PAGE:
German Tax Deferral Rules Infringe EU Law
By Uwe Halbig & Arun K. Birla
German tax law allows deferring the tax on certain disposal gains by transferring the hidden reserves in the disposed assets to similar newly acquired or newly produced assets (“Replacement Assets”). The tax deferral requires an allocation of the Replacement Assets to a German permanent establishment. The ECJ has recently ruled that this restriction infringes the right of freedom of establishment enshrined in article 49 TFEU and article 31 of the EEA Agreement (ECJ C-591/13); the decision was based on the prohibition on the deferral if the replacement assets formed part of the assets of a permanent establishment located outside Germany. It is questionable how the national legislators will react to this decision.
Under its double taxation treaties Germany is not allowed to impose a tax on gains from non-German permanent establishments. In the court proceedings Germany argued that a similar treatment for German and non-German Replacement Assets would create unreasonable administrative burdens for the tax administration and the taxpayer. To ensure a corresponding treatment for all investments in Replacement Assets (i.e. irrespective of their allocation to a German or a non-German permanent establishment) Germany could therefore abolish the challenged provision.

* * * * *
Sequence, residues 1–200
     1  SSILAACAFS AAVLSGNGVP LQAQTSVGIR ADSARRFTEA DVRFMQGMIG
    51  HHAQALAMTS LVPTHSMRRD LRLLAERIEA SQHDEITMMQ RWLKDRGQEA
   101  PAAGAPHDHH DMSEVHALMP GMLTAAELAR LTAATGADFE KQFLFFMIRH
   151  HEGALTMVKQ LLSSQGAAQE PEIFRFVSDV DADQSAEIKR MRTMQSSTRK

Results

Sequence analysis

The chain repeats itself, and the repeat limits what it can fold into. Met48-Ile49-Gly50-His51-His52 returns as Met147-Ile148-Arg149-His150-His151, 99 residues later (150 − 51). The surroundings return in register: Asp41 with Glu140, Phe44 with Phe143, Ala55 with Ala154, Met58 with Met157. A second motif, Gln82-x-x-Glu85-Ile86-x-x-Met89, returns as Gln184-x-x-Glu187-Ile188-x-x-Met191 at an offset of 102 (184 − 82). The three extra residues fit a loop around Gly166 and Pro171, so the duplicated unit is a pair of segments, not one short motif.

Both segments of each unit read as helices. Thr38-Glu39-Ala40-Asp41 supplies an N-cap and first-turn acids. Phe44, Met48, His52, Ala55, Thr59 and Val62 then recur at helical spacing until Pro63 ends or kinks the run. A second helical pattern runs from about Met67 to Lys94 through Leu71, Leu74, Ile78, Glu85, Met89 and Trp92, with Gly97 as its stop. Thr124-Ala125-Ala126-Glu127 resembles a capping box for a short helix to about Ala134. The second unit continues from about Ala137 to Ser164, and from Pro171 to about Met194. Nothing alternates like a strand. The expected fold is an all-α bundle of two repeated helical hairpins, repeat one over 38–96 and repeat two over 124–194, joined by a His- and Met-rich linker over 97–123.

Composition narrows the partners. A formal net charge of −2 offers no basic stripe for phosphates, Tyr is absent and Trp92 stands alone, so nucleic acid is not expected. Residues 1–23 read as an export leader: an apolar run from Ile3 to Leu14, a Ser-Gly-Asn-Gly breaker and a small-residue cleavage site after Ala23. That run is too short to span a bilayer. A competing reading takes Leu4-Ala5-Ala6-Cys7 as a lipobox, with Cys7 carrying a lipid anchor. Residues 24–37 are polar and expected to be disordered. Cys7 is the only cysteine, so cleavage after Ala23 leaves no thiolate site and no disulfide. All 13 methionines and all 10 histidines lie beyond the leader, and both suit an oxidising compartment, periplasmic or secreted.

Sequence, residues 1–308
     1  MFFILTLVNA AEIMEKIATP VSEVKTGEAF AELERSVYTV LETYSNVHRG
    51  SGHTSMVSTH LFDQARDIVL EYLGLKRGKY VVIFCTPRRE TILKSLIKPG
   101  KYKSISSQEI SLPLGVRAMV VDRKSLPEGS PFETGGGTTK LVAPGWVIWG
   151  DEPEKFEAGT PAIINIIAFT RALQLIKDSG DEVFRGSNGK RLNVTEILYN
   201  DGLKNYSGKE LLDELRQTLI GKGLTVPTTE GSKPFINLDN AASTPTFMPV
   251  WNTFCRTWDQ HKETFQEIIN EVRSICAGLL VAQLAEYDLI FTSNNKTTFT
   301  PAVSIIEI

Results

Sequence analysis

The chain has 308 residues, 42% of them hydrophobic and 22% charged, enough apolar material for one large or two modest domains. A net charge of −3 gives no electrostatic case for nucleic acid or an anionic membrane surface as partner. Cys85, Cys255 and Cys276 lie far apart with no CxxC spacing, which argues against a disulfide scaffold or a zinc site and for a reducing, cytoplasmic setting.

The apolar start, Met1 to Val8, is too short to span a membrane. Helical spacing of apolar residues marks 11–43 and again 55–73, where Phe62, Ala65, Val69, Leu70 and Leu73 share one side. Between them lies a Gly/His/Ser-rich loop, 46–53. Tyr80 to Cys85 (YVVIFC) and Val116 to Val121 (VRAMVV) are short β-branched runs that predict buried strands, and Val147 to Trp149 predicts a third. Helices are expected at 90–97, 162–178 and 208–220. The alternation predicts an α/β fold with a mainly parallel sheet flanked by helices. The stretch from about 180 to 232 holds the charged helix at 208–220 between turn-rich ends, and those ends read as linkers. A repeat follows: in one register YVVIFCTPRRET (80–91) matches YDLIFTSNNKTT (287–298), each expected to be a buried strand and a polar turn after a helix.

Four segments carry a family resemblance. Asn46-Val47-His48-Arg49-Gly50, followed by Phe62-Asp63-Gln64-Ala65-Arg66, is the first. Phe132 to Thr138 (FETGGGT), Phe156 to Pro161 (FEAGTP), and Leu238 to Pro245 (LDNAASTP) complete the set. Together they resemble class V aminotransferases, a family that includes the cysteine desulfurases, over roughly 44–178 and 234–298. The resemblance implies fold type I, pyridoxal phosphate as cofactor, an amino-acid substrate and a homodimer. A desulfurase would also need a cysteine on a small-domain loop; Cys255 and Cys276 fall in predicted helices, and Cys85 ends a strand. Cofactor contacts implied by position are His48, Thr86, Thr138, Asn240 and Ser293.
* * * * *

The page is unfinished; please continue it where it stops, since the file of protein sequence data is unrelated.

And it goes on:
Alternatively Germany could extend the scope of the provision to all investments in Replacement Assets. Economically the widening of the challenged tax rule could result in a relocation of economic activities from Germany to foreign countries. At first glance this is contrary to the original intention of the German lawmakers, which is to enable the taxpayer to replace outdated business assets with up-to-date assets tax neutrally, to adjust its activities to amended economic conditions, and to strengthen the German economy. However, considering that the taxpayer’s non-German activities are also linked to its German activities, the economic growth outside of Germany should strengthen not only the German taxpayer, but also the German economy – at least indirectly.
The UK has similar rules for rollover relief where UK business assets are involved (rather than non-UK assets). The ECJ decision has raised the possibility of these rules being changed.
Taxpayers should, therefore, start to prepare for changes in this area.